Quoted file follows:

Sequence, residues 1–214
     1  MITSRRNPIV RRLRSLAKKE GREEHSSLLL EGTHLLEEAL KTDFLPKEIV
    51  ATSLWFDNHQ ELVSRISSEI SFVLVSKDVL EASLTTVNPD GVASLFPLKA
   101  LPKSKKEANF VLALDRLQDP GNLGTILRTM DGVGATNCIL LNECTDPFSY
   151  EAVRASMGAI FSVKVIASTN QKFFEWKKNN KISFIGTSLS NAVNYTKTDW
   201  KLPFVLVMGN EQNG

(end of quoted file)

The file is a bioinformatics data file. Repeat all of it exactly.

Sequence, residues 1–214
     1  MITSRRNPIV RRLRSLAKKE GREEHSSLLL EGTHLLEEAL KTDFLPKEIV
    51  ATSLWFDNHQ ELVSRISSEI SFVLVSKDVL EASLTTVNPD GVASLFPLKA
   101  LPKSKKEANF VLALDRLQDP GNLGTILRTM DGVGATNCIL LNECTDPFSY
   151  EAVRASMGAI FSVKVIASTN QKFFEWKKNN KISFIGTSLS NAVNYTKTDW
   201  KLPFVLVMGN EQNG